This kind of environmental distress places that “it is precisely [Towne’s] ability to pack up, write this article, and move on to the next Google-sponsored town that is the problem. Because it’s not people like Dennis who are in danger; it is the people that he steps on as he makes his exit stage right.”

Melanie Meade, a black woman who lives near one of the U.S. Steel coke plants wrote in a recent op-ed for Public Source: “While I feel like I’m fighting for our basic rights to clean air, I’m living in a city that doesn’t seem to make a big deal over the pollution and its adverse effects on children and the community, especially people of color.”

There is little language on pollution and environmental justice in the public health crisis legislation. Instead, the ordinance refers to policy agendas that emphasize economic inequities, such as enhancing home ownership and entrepreneurship-employment among Pittsburgh’s black residents. As the ordinances were debated at hearings, town halls, and city council meetings through the winter, Jamil Bey, a local black activist who is helping steer one of those foundational policy agendas, Policylink’s All-In Cities strategy, began to wonder what was going on with the “public health” part of the equation.

After all, Pittsburgh is coming off a year where the air was deemed unsafe to breathe for three months, according to a report from the Penn Environment Research and Policy Center. It’s also the year the city’s air quality was graded an “F” by the American Lung Association. Meanwhile, black babies die in the region at four times the rate of white babies, and it’s disputable whether owning more houses and businesses will change that. Allegheny County Health Department maternal and child health program manager Dannai Wilson has said that “chronic exposure to structural and institutional racism, regardless of a mother’s socioeconomic status or educational attainment” is the primary culprit for high infant mortality rates among black women.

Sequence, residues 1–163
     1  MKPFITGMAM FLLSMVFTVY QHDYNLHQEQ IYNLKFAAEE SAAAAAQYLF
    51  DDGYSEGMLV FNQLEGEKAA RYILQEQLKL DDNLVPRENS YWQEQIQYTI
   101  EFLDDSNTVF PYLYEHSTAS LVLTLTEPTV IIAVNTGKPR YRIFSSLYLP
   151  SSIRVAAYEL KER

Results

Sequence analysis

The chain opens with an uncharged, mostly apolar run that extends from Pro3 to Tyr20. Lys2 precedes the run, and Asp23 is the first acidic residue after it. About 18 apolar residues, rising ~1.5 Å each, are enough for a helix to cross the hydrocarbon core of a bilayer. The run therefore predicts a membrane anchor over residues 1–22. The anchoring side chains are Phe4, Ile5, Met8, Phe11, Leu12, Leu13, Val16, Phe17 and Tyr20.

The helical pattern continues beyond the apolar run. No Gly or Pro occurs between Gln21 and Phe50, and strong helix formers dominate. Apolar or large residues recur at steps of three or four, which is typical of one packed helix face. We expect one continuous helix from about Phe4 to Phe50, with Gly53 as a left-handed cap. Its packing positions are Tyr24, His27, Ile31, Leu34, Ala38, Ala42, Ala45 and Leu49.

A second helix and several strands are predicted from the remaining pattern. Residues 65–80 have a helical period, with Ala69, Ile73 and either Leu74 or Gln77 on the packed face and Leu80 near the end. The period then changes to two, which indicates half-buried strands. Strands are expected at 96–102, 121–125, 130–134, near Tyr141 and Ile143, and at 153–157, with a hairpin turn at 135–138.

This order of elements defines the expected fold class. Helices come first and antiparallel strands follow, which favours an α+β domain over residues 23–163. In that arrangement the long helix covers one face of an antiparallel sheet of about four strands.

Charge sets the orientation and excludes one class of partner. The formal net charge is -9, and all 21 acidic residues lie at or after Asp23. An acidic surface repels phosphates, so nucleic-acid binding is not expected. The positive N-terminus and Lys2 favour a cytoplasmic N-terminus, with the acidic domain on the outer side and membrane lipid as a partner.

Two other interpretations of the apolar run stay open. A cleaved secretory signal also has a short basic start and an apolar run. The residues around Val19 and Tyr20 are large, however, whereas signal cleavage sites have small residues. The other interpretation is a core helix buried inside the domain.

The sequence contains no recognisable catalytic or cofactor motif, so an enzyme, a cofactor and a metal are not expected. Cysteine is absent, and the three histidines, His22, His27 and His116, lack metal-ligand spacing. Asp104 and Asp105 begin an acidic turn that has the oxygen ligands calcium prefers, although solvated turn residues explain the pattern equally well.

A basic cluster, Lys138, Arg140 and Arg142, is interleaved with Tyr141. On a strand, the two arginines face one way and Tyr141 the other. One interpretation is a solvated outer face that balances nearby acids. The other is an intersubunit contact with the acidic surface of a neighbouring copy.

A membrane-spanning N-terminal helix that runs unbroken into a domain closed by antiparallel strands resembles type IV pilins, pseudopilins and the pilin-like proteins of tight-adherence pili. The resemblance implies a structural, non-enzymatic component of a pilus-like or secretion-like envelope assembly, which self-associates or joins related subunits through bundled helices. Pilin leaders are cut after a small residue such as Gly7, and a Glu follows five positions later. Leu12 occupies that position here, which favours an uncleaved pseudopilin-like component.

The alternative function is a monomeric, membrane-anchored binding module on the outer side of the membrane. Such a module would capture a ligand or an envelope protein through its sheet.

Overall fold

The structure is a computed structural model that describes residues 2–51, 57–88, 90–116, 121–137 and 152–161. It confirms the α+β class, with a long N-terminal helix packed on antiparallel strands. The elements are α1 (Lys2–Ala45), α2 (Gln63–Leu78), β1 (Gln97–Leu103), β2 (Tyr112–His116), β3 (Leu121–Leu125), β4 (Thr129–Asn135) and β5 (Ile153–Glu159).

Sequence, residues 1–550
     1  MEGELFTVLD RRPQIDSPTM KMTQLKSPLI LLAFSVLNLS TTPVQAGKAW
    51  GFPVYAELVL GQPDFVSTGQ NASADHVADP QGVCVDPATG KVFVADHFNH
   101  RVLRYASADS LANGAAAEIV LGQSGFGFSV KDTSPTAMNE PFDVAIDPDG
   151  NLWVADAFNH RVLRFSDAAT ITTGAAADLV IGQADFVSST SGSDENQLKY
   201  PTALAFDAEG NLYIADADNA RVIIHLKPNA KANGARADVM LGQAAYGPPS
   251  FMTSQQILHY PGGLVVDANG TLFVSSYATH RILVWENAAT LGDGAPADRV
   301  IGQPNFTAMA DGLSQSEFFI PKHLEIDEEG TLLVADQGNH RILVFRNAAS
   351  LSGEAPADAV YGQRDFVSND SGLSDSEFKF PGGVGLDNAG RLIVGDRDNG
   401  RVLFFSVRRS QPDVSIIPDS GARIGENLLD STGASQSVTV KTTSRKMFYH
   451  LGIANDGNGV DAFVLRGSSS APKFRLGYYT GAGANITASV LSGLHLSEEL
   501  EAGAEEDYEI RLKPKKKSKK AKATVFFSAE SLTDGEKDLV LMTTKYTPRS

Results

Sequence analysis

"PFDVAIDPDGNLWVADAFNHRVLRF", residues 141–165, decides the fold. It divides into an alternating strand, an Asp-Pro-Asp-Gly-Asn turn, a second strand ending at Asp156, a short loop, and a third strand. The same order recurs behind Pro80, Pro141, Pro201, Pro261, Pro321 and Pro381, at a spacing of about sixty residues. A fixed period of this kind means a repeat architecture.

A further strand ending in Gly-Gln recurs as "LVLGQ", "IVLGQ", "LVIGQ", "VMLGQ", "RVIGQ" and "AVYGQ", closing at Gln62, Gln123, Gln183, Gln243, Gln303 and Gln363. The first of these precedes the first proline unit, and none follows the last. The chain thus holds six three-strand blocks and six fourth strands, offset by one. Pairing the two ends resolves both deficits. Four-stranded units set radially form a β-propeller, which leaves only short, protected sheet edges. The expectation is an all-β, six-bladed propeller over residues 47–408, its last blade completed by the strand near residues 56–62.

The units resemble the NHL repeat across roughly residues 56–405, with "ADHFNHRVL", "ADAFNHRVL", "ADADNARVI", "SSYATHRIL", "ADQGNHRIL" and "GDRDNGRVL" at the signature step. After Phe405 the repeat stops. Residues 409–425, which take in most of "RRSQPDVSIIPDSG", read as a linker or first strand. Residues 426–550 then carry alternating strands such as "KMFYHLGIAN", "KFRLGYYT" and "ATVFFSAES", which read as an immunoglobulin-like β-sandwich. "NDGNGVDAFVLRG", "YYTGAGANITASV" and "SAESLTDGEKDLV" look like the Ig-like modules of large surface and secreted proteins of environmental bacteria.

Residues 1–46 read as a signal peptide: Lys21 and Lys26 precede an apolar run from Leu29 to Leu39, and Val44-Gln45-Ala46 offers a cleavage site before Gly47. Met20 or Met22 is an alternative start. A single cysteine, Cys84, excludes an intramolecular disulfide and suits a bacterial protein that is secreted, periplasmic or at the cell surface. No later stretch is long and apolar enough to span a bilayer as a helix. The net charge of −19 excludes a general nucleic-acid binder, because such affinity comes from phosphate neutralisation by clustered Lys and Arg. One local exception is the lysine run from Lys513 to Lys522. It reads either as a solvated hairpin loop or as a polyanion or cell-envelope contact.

“On the one hand you rightly identify that this is a public health crisis, but then you mostly propose economic solutions,” said Bey, the president of the local environmental justice-focused Urbankind Institute, which is one of the partnering organizations in Policylink’s All-In Cities Pittsburgh collaborative. “If we are going to attach it to the All-In effort, a better strategy would have been to include public health officials, scholars, and advocates in the process to think about the content of the legislation before it was drafted. Nothing that you propose addresses public health.”

Even the mayor’s grip isn’t exactly the tightest on the environmental-health justice issues. Just months after voicing opposition to petrochemicals, Peduto tweeted opposition to Green New Deal legislation, saying that it doesn’t “put people first.” The Green New Deal is rare among climate-change minded proposals in its focus on prioritizing workers left behind by new economies.

Burgess, the city council member, told CityLab that while air quality and pollution are important, “public health” is defined in these ordinances according to what’s called the social determinants of health—a somewhat amorphous term that carries varying definitions depending on the source. The Centers for Disease Control and Prevention defines them as economic stability, education, social or community context, healthcare, and neighborhood or built environment. But economic stability, says Burgess, is most critical.   

Pittsburgh has some of the lowest rates of black women participation in the labor force and black men have some of the lowest average incomes of most cities in the U.S., according to Pittsburgh’s race and gender disparity study. The Cleveland Federal Reserve reported last year that Pittsburgh experienced one the largest gaps in earnings between white and non-white workers of any major metro between 2007 and 2017. Minority earnings dropped 4 percent in that time period while earnings for white workers increased by 13 percent.